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E8400 or Q9450 for Crysis

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March 28, 2008 6:36:52 AM

Hi all!

So what do you think? Are people happy with their E8400? Benefits of using a Q9450 (whenever they arrive, anyone got a preview?)? SSE4 rumoured patch gonna make a difference?

What about the Q6600, any users happy with that? More so than dual core?

Hmmm - all feedback appreciated!

Cheers

Doogz

More about : e8400 q9450 crysis

March 28, 2008 8:07:17 AM

I’m happy with my E8400, and I’d recommend using E8400 over the Q9450 for Crysis and gaming in general, pretty much the only properly multi threaded game is Supreme Commander. I’ve read way to may promises that multi threaded gaming is around the corner, and been constantly disappointed with how badly games scale with multiple cores, I’ll believe all the multi core hype for gaming when I see benchmarked proof. You only really need to consider quad’s if you’re into editing video or using commercial CAD software that is actually well threaded.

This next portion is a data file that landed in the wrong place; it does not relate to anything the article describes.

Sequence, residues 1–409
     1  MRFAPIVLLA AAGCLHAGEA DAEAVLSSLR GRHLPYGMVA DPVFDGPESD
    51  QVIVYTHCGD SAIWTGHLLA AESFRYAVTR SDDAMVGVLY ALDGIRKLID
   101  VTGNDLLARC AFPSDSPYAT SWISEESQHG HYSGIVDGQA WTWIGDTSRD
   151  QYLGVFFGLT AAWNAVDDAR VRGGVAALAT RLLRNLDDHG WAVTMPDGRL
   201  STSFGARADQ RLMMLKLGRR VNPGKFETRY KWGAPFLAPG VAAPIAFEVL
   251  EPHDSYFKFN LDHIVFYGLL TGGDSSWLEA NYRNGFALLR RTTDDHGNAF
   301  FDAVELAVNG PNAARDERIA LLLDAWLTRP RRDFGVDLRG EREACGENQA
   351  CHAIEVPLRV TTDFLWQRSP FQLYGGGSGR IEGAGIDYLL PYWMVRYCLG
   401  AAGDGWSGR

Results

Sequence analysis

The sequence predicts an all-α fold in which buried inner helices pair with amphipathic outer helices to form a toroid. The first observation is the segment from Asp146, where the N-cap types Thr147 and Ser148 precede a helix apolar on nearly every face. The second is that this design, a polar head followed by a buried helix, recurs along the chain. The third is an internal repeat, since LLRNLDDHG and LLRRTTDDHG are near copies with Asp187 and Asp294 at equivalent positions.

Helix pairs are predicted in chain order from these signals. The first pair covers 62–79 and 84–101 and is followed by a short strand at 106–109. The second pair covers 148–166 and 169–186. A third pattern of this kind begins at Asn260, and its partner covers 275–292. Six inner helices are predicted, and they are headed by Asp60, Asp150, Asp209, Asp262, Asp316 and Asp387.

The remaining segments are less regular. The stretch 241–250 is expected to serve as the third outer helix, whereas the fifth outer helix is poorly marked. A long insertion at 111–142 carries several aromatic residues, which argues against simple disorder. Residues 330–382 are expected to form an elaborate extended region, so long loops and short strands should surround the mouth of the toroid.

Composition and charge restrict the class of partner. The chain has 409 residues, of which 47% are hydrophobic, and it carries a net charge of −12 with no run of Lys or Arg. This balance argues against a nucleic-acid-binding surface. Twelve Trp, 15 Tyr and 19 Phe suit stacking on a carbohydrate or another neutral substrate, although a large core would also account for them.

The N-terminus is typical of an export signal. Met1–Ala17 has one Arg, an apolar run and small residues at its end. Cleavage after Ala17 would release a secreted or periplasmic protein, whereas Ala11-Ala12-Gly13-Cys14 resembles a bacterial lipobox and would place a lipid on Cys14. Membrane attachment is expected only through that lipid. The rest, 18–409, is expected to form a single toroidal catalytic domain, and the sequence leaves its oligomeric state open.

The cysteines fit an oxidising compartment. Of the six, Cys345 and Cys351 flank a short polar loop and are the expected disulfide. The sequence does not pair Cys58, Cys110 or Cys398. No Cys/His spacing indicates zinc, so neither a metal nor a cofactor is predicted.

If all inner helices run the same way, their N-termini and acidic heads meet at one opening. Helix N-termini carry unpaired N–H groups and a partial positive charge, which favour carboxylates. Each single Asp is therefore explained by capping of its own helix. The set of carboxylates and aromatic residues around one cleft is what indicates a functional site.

For Crysis performance comparing dual to quad cpu’s check here
Techarp
Expreview
The important bit of the Expreview article
a c 127 à CPUs
March 28, 2008 12:55:36 PM

GeoMan said:
I’m happy with my E8400, and I’d recommend using E8400 over the Q9450 for Crysis and gaming in general, pretty much the only properly multi threaded game is Supreme Commander. I’ve read way to may promises that multi threaded gaming is around the corner, and been constantly disappointed with how badly games scale with multiple cores, I’ll believe all the multi core hype for gaming when I see benchmarked proof. You only really need to consider quad’s if you’re into editing video or using commercial CAD software that is actually well threaded.